Life isn’t fair. Why should tests be?
Virtually all tests have have hidden biases. These biases aren’t usually large and most instructors will do their best to minimize it. However, knowing the bias of a test can be an added tool for allocating study time.
What is a Testing Bias?
Testing bias is when a test favors students who understand particular concepts or have particular types of knowledge. An example would be a test that is all definitions. This obviously benefits students who understand the word associations and their meanings. Knowing how different concepts can be applied in real life wouldn’t be as relevant on such a test.
Sometimes testing bias is intentional. Test creators will format the test so it evaluates the knowledge they want you to have. This is the best type of bias to look out for because it will probably continue into the future. The examiner who wants you to know definitions above all else will continue placing that bias into future tests.
Sometimes the bias is a by-product of something else. Multiple-choice tests tend to evaluate certain types of understandings more strongly than essay-response tests. Information in a particular format may be difficult to test, so the test makers may bias the test towards concepts that are easier to evaluate.
What to Look Out For
Here are some things to keep in mind when try to find the bias of a test:
- Memorization Versus Understanding. Does the test value students who can recite specific definitions and facts? Or does it value a comprehensive understanding more than memorized elements?
- Narrow Versus Broad. Does the test value students who can apply information within a narrow context or a broad one? The difference might mean emphasizing study time on specific, practical questions or spending more time thinking about different ways to use the information.
- Agreement Versus Quality. If the test has a subjective marking component, does the marker tend to value agreement with stated opinions or original thought? Some markers only want to hear reflections of their stated opinions. Others want you to write something thought provoking. Know the difference.
- Average Versus Extreme. What is the standard deviation of grades? Is virtually the same mark given for “showing effort” or are the mark differences high? When a lot of extra effort won’t yield better grades, save your time and invest it where time matters.
- Hinting Versus Tricking. Some tests will hint towards the correct answer in the question. Usually this isn’t obvious, but it can come from using words that might cause you to consider the correct choice. Other tests try to avoid this by doing the opposite – intentionally putting in leading words to throw you off-course. This bias can be helpful in evaluating your intuition.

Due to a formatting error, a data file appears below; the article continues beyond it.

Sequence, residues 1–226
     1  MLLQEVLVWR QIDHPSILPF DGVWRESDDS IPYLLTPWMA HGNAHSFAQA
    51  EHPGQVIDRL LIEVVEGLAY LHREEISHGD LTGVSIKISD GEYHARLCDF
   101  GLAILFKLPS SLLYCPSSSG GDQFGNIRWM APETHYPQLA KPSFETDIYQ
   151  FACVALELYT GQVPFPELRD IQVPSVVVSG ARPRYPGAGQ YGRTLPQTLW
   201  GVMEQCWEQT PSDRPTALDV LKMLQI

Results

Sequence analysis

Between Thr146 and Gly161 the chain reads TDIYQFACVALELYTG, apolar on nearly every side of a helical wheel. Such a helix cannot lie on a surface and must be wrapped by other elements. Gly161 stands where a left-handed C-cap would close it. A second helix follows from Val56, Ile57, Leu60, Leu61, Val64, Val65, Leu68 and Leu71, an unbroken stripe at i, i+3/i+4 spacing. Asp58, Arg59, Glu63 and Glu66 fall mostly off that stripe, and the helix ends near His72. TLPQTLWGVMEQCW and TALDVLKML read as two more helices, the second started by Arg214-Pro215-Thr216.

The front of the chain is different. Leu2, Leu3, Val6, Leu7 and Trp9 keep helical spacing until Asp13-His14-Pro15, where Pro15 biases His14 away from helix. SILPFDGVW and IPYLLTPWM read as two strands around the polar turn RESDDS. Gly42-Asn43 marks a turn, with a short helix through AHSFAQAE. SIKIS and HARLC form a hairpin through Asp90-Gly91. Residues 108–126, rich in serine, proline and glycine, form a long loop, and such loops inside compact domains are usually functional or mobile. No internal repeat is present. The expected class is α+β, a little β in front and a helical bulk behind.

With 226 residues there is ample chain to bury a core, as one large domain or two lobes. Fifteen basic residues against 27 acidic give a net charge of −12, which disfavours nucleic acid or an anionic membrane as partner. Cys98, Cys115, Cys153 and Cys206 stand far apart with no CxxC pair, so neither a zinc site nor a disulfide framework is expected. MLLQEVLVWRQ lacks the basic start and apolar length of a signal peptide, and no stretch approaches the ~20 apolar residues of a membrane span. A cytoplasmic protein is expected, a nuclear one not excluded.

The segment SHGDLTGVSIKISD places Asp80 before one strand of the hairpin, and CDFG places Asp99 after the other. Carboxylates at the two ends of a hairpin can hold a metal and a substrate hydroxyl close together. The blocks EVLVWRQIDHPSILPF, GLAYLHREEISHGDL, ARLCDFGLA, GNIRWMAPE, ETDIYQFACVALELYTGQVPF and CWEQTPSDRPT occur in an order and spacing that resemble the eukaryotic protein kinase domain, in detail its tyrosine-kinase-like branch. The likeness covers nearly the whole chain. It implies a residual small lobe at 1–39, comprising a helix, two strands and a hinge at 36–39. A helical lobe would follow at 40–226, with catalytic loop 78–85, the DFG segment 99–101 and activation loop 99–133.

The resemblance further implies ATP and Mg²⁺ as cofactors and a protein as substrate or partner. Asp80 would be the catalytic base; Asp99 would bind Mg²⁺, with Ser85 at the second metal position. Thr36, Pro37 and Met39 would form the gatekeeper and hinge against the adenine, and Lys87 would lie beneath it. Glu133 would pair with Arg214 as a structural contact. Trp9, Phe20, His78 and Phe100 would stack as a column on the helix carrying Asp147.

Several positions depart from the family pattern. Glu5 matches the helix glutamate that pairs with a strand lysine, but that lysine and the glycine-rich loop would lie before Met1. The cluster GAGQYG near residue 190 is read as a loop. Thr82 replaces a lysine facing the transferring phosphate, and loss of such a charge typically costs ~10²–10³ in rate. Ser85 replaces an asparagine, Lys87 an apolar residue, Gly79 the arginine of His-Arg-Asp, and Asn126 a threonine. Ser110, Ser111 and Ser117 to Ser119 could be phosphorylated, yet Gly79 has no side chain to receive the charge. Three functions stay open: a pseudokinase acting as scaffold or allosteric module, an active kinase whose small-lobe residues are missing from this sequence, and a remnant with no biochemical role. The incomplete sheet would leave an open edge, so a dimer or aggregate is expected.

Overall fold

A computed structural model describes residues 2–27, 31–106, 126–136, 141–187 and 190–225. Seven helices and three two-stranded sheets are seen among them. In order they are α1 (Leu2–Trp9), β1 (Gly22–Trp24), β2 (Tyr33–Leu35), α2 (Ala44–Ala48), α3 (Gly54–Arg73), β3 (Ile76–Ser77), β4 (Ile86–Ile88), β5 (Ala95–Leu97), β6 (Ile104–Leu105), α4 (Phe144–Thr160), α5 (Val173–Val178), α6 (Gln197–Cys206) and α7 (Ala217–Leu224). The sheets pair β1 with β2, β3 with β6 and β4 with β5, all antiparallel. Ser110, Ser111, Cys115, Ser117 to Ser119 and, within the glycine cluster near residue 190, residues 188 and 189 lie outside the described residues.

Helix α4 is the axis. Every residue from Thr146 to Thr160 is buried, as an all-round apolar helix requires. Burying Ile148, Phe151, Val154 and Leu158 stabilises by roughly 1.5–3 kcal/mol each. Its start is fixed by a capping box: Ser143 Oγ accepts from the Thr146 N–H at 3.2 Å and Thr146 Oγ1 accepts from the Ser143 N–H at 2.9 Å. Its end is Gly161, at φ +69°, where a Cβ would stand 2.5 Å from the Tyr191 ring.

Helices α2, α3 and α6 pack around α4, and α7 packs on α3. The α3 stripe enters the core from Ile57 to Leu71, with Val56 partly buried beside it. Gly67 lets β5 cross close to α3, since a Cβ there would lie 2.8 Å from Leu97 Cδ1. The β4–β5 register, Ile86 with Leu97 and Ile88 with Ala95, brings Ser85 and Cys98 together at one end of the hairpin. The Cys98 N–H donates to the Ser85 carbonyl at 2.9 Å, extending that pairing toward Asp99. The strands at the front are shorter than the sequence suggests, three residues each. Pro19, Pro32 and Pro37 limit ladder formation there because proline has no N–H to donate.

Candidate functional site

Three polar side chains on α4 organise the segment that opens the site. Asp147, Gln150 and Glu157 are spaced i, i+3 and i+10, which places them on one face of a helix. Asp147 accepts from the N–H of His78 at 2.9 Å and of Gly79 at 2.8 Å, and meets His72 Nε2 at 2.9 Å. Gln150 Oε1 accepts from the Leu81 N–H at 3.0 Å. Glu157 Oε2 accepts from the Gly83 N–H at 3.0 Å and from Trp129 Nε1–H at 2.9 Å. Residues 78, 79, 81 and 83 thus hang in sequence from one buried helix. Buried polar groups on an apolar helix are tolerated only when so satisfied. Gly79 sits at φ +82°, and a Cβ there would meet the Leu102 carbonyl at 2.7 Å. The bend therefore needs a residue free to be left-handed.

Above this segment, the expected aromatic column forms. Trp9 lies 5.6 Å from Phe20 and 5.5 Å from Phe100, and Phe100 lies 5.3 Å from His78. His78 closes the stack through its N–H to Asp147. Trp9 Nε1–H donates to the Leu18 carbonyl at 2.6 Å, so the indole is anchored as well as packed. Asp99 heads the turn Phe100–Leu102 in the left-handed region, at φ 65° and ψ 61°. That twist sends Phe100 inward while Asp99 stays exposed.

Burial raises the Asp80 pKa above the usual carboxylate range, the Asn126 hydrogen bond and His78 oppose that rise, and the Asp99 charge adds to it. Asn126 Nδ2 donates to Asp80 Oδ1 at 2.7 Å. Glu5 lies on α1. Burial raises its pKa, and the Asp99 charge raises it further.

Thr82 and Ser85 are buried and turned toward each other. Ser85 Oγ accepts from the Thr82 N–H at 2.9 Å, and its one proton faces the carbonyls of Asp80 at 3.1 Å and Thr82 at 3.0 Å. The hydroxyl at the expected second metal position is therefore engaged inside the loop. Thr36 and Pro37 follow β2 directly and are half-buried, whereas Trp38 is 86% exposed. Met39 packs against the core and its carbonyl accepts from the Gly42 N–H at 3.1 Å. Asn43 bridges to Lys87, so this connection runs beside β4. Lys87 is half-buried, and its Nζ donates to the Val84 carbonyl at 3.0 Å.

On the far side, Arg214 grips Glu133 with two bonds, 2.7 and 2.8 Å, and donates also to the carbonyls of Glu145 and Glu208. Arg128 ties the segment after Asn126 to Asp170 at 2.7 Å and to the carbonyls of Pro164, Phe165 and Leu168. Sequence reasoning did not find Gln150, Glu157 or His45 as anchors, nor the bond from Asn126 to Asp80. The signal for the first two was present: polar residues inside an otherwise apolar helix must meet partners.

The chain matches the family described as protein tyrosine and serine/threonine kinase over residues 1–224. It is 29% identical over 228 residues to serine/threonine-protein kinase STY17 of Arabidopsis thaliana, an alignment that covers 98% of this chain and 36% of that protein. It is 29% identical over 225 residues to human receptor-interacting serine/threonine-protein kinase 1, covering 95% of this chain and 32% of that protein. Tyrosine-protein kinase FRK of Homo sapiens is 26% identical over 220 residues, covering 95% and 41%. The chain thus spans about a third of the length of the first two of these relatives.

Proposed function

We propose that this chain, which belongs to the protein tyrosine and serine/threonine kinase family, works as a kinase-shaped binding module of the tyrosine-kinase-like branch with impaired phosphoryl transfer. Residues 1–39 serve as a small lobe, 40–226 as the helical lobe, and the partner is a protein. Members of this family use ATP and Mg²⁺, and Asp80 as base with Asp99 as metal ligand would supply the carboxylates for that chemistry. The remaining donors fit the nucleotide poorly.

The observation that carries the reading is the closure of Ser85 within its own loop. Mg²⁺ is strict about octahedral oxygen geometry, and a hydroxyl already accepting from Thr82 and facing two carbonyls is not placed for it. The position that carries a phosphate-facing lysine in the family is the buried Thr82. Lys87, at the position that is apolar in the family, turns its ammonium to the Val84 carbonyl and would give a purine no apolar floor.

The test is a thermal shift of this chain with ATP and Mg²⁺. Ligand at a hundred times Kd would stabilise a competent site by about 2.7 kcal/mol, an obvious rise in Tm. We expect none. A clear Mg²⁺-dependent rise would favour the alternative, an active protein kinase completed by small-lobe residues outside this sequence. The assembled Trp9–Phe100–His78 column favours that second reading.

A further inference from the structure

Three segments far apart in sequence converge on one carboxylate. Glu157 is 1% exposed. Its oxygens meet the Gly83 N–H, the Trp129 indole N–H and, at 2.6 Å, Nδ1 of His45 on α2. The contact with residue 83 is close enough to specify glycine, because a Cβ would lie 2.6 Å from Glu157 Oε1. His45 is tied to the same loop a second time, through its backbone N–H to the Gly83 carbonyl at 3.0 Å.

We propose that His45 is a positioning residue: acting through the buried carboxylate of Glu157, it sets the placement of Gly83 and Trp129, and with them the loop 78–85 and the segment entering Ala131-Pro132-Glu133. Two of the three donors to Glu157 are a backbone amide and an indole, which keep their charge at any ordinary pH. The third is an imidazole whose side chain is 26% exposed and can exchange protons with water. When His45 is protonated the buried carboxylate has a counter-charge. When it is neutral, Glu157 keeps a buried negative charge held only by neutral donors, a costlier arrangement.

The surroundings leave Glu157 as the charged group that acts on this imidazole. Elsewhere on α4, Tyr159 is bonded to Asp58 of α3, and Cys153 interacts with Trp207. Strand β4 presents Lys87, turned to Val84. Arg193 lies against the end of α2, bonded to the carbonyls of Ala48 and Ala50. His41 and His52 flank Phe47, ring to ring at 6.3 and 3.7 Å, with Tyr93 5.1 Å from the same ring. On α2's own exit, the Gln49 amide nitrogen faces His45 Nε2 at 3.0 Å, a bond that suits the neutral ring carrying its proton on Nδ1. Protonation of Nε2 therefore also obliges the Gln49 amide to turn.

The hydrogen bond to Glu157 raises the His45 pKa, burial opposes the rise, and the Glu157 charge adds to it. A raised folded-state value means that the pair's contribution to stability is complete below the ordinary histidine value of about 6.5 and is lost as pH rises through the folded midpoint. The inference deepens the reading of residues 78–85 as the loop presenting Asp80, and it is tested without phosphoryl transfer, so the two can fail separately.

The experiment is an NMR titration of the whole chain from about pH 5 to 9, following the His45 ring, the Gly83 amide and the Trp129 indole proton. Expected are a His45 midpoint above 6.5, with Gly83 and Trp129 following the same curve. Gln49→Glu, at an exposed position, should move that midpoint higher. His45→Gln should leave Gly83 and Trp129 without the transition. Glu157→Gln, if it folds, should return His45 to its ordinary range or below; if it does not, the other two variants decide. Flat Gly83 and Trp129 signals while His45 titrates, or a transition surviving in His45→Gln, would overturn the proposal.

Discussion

Those are just a few of the many different biases a test can have. Keep in mind that these biases are usually mild. They should serve as a guide for where you can emphasize study time, but can’t be used as a blueprint to ace a test you know nothing about (in most cases, at least).
How to Find a Testing Bias
Now that you have a few ideas for what to look for, here are some places you can use to start devising a studying strategy:
- Past Tests. These are the goldmine of searching for testing bias. Scan through them and any answer keys provided. Not only can they give you generalized biases the test might have (as mentioned above) but also content biases. What specific information is tested repeatedly and what is rarely tested?
- Course Outlines. Usually the course will have a broad description of the purpose and evaluation methods of the course. This can be a starting point to uncover any potential biases.
- Talk to Past Students. Other students will have a good feel for what kind of biases a test demonstrated, even if they didn’t prepare for it themselves. Get a feel for what kind of questions were asked and where emphasis was placed. Warning: If you are going to use this approach, make sure you ask several students from different periods, otherwise you might be led to believe a test is biased when it was just randomness from that particular version or student.
- Ask Your Professor. I don’t find this to be as useful as asking past students. It can reveal any intentional biases, but often neglects the unintentional biases because of testing method. But asking professors can be useful for getting information about what is important and what is not.
Don’t Obsess About Testing Bias, But Don’t Ignore It
Trying to find the testing bias won’t help you if you don’t know anything. Simply use it as a tool to allocate study time. If you realize there is a heavy memorization bias, spend more time with memorization techniques than exploring background concepts. It can also be used in-test when making decisions between several options. If the test has a hinting bias, you can feel more comfortable using your intuition when you aren’t sure.
That warning said, testing bias does matter. Although I never intentionally go into a test without knowing the subject, I have done few extra-curricular exams that I wasn’t aware I needed to write before the test date. By searching for the testing bias I was able to score high despite not fully understanding many of the concepts covered.